Shay's Rebellion

An early report of the opening salvos of Shay's Rebellion in Northampton and Worcester Massachusetts as reported in the Connecticut Journal September 1786.

An early report of the opening action of Shay's Rebellion as reported in the Wednesday, September 13, 1786 edition of The Connecticut Journal (New Haven: Printed by Thomas and Samuel Green, opposite the Post-Office) 4 pages, 10" x 16". Minor marginal tears and chips, light folds.

The Journal opens with news from abroad including a report on the latest parachute jump from a hot-air balloon in Brussels by Jean-Pierre Blanchard. However, the right-hand column of page two notes the opening salvo of Shay's rebellion when Luke Day and a band of 100 men closed the courthouse at Northampton, Massachusetts:

"NORTHAMPTON, September 6. Last week on Tuesday, being the day for holding the Courts of Common Pleas and General Sessions of the Peace in this town, --- early in the morning, abut one hundred men from West-Springfield, with white staffs (the insignia of Mobs) embodied themselves near the Court House, commanded by Capt. Luke Day, whose private character and circumstances, as well as his personal liberty, made it very convenient that there should be an immediate redress of public grievances. -- In the course of the forenoon they were joined by a number from various other towns in this county, and at one o'clock by a body of horse and foot from Amherst, Pelham, &c. under the command of Capt. Hinds and Lieut. Billings, forty of whom brought their arms, making in the whole bar 400[.] The friers to government wished to lend their aid to support the Court, and impatiently waited for orders from the proper officer. What would have been their numbers, or what the consequences of a forcible attack, is uncertain but instead of calling upon the militia of this, as the neighbouring towns, the day was spent in frequent and idle conferences, and those people who had heretofore signalized themselves upon such occasions, had the mortification to find that the Court had complied with all the wishes of the insurgents and adjourned without delay, without the least attempt to do their duty … We hear from Boston, that his Excellency the Governor has issued a Proclamation, requiring the Sheriffs, Constables, &c. of this country, immediately to exert themselves in apprehending the leaders of the late Insurgents, who assembled in this town to prevent the sitting of the Courts of Justice. WORCESTER, Sept. 6 Early on Tuesday morning last, this town was visited by a body of Men under arms from several towns in the North-west part of the county, who surrounded and took possession of the Court-house, in order to stop the sitting of the Court of Common Pleas … About 12 o'clock the Judges of the Court proceded [sic] by the High Sheriff proceeded to the Court-house, but were stopped at the door by the points of bayonets … in consequence of which they soon after assembled at the United States arms and there opened the Court in due form … " The writers at the Journal were dismissive of the rioters and their motives adding: "It is a truth, that he promoters and ringleaders of the riots which have for sometime past disturbed the country, are composed of disgraced officers of our late army, and creatures who were need opposed to our present government. -- With the cry of grievances, and pretended danger, they have alarmed and led from the duty they ow the Commonwealth, numbers of hones, undesigning men, who, it is not doubled, on a moment's calm reflection, will discover the wicked designs of these real foes to their happiness, and will treat them and their measures with becoming detestation."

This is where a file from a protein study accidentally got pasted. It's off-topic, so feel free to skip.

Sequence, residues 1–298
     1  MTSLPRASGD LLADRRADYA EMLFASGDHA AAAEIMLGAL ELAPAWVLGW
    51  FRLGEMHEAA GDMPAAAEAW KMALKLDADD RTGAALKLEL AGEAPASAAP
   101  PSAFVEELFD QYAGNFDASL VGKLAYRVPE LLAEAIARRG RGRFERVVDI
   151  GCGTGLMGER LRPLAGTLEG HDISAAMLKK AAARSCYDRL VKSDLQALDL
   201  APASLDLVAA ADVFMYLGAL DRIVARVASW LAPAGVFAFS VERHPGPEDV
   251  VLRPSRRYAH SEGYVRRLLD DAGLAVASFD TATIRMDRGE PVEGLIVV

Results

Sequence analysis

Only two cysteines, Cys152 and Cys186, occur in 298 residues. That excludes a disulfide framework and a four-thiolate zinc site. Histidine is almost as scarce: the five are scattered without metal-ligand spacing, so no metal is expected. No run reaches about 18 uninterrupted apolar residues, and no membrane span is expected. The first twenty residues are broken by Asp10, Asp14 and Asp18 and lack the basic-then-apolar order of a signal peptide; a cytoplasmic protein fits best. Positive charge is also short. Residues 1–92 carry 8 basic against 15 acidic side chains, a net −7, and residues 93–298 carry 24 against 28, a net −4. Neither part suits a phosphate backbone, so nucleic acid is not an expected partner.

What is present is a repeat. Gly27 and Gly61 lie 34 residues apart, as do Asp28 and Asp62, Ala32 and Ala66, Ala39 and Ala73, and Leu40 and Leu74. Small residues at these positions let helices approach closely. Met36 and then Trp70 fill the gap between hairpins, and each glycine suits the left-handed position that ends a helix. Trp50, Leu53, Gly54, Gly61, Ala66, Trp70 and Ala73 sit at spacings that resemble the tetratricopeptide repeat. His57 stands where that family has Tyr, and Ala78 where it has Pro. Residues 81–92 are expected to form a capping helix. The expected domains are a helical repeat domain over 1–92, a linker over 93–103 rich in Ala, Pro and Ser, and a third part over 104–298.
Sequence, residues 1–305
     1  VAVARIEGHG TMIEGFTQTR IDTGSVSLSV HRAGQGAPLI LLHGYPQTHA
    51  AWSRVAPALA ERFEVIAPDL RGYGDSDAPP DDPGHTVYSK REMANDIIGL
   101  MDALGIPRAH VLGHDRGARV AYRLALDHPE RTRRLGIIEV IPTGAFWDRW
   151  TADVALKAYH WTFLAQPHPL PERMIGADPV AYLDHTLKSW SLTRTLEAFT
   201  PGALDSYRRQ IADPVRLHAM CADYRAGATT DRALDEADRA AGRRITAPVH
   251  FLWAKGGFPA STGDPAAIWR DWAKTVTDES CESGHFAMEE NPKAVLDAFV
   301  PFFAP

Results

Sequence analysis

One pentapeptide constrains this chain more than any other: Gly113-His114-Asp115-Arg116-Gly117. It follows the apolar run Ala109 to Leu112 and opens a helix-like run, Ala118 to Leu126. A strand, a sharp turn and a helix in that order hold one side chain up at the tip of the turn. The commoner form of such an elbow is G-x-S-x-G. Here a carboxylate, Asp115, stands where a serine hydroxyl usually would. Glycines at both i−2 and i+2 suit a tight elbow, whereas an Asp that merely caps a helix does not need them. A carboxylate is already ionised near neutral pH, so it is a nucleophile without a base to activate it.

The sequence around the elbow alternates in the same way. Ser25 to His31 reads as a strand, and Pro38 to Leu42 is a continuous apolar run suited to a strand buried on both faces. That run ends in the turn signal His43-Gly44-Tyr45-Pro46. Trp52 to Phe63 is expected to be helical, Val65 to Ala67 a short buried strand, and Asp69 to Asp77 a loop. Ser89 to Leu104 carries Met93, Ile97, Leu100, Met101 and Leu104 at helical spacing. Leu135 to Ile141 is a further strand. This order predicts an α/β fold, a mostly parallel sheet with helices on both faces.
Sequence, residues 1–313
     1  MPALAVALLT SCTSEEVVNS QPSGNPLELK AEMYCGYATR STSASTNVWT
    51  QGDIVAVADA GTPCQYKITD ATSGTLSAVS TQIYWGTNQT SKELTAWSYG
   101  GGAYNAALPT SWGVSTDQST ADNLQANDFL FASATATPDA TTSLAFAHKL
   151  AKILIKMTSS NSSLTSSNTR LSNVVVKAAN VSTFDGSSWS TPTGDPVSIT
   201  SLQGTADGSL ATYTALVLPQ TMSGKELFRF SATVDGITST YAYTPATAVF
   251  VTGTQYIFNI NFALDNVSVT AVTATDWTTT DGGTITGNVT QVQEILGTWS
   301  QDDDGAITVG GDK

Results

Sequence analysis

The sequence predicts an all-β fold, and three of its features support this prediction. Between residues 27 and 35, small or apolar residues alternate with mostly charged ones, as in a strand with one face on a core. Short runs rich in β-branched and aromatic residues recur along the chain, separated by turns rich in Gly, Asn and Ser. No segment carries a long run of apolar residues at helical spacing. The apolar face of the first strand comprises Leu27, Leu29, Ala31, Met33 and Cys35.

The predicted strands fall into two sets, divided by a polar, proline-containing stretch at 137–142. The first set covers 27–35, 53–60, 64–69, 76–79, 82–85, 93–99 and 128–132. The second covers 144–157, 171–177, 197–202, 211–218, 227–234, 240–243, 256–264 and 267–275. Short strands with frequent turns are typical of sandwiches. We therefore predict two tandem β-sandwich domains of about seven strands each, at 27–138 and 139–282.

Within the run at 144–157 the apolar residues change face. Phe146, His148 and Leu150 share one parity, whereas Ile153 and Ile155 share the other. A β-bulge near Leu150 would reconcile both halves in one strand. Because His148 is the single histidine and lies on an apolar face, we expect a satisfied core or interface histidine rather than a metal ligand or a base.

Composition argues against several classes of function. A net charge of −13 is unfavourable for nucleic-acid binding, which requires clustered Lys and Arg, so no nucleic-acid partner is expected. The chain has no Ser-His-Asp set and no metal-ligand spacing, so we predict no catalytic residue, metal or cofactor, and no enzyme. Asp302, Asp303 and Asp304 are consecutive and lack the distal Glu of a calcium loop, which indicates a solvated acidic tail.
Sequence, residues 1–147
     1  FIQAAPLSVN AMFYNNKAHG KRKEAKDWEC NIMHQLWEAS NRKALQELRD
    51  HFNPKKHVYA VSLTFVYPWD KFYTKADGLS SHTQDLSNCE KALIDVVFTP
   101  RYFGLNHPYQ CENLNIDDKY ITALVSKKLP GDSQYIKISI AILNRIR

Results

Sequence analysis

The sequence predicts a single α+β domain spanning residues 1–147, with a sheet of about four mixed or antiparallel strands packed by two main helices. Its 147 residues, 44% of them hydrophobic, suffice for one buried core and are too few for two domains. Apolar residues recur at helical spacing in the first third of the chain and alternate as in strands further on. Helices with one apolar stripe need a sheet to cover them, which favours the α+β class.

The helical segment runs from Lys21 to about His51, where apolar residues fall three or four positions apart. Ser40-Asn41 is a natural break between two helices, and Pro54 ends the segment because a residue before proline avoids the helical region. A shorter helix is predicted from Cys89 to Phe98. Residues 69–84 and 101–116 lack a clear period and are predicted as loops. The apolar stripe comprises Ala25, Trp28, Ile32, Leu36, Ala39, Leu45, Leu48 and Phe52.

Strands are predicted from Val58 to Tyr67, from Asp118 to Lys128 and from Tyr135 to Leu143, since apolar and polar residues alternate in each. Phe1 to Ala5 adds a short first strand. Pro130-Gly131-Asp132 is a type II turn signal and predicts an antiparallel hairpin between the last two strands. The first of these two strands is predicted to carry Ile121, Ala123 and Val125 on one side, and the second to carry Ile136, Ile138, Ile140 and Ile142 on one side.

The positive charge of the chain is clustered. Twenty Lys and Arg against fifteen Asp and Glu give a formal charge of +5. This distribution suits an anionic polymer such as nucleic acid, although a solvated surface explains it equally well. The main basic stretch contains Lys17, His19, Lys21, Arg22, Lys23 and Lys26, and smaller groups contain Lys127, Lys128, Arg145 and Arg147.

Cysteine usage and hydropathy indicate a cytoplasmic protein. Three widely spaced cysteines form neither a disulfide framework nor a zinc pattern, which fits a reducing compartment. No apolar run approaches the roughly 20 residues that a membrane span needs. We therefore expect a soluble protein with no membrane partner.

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Shay's Rebellion
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